If no binaries are available for your platform, you can grab a copy of the sources and build TeXworks yourself.
A few screenshots are available showing the TeXworks 0.4 release running on the three major supported operating systems (click images to open full-size versions):
If you are using a stable version of TeXworks, "A short manual for TeXworks" should be included automatically. Despite its name, it is quite extensive and should provide all the necessary information for normal usage. This manual normally is accessible from the "Help" menu (and possibly also from other locations, such as the Microsoft Windows start menu).
"A short manual for TeXworks" in its latest version is also available on GitHub.
For script authors, the primary resource is Paul A. Norman's TeXworks Scripting Information page.
There is a mailing list available for discussion of any topics related to the TeXworks project. You can search the list archives online.
TeXworks development is currently hosted at GitHub; this is where most resources and the latest source code can be found. Experimental precompiled development snapshots for Windows 10 and above, Windows 7 and above, macOS 10.15 and above, macOS 10.12 and above, Linux (AppImage), and Ubuntu can be found on GitHub and Launchpad.
Presentations introducing TeXworks have been given at recent TeX conferences. Video recordings from the TUG 2008 and TUG 2010 conferences are available online, as well as an earlier one from BachoTeX 2008, thanks to River Valley Technologies. The PDF slides (1.5MB) used for the TUG 2008 presentation are also available.
Odd-numbered series (0.1, 0.3, ...) are development series. Numerous snapshots are made available during the evolution of TeXworks, and feedback from those brave enough to use these experimental versions is greatly appreciated!
The 0.6.x stable release series
The main focus of this release series is a complete overhaul of the PDF previewer. A lot of effort went into streamlining and improving the code "under the hood" while maintaining the general user experience. As a side effect, this brings about several improvements and often-requested features, such as:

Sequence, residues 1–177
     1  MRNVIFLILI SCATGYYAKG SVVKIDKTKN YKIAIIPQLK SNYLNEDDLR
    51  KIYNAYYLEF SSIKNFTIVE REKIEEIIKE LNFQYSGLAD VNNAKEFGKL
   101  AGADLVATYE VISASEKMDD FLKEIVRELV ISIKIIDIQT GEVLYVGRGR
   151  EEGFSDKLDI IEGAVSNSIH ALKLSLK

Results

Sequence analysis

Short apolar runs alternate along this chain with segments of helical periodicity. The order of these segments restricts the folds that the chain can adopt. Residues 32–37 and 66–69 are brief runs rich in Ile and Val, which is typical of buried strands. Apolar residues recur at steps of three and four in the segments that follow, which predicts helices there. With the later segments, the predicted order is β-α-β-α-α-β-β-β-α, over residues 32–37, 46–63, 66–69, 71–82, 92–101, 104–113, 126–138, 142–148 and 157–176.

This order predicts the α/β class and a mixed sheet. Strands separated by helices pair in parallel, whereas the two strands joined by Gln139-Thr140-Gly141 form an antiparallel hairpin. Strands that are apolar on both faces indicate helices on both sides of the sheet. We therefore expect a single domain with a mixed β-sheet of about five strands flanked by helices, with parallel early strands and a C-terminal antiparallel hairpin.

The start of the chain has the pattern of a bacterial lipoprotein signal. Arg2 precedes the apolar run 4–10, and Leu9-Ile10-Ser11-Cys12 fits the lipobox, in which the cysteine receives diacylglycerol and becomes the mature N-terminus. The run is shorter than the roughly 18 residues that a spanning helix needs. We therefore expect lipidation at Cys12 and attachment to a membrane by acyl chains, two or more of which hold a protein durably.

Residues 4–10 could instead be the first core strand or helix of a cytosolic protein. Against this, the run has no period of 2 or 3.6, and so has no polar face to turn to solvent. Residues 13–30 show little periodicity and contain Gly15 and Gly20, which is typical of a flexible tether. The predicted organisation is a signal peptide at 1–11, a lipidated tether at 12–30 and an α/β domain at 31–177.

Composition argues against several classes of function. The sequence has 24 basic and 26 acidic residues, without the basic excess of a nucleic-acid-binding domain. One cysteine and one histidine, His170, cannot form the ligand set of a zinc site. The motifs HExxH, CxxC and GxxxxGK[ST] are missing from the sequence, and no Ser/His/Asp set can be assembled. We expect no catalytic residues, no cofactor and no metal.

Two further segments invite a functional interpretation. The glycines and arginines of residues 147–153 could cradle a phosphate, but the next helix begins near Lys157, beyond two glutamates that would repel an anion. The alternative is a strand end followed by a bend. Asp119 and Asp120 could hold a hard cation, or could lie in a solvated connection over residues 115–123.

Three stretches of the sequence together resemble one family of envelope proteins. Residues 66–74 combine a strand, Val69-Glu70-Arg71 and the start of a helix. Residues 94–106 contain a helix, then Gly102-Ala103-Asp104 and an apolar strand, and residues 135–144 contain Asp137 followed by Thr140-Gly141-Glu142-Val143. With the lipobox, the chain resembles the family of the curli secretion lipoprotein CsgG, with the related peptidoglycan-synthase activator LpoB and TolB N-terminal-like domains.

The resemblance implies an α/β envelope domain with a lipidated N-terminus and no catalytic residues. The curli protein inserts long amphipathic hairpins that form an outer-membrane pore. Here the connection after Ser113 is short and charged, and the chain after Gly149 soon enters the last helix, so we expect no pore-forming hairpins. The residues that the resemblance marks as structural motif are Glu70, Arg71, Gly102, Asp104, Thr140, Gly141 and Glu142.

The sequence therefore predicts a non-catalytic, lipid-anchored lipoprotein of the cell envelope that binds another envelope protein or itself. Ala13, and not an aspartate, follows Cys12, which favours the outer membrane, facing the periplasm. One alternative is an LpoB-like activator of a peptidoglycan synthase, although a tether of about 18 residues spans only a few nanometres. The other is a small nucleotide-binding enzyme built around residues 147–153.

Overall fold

- Faster rendering
- Major performance improvements at high magnifications
- Continuous scrolling mode — no more abrupt jumps from one page to the next (the non-continuous mode is still available from the View menu)
- Two-pages (spread) mode
- Selecting and copying text out of a PDF
- Going back to the previous view after clicking on a link (by pressing Alt+left arrow)
- A ruler and guidelines for precision measurements in the previewer
- A dialog to manage/insert citations
- Improved syntax highlighting
- Fine grained synchronization between source and output — down to a character-by-character level
In addition, several bugs were fixed and support for macOS was improved by adopting continuous integration (currently using GitHub Actions for building and deploying.
The 0.4.x stable release series
Apart from numerous fixes, improvements, and new features, this series has one major focus: scripting. Scripts allow users to easily customize and extend TeXworks. Current uses range from simple formatting over automation tasks to the implementation of new dialogs and auto-completion methods. Currently, the primary resource for scripts is GitHub. For those interested in learning how to write scripts, Paul Norman has compiled some excellent documentations.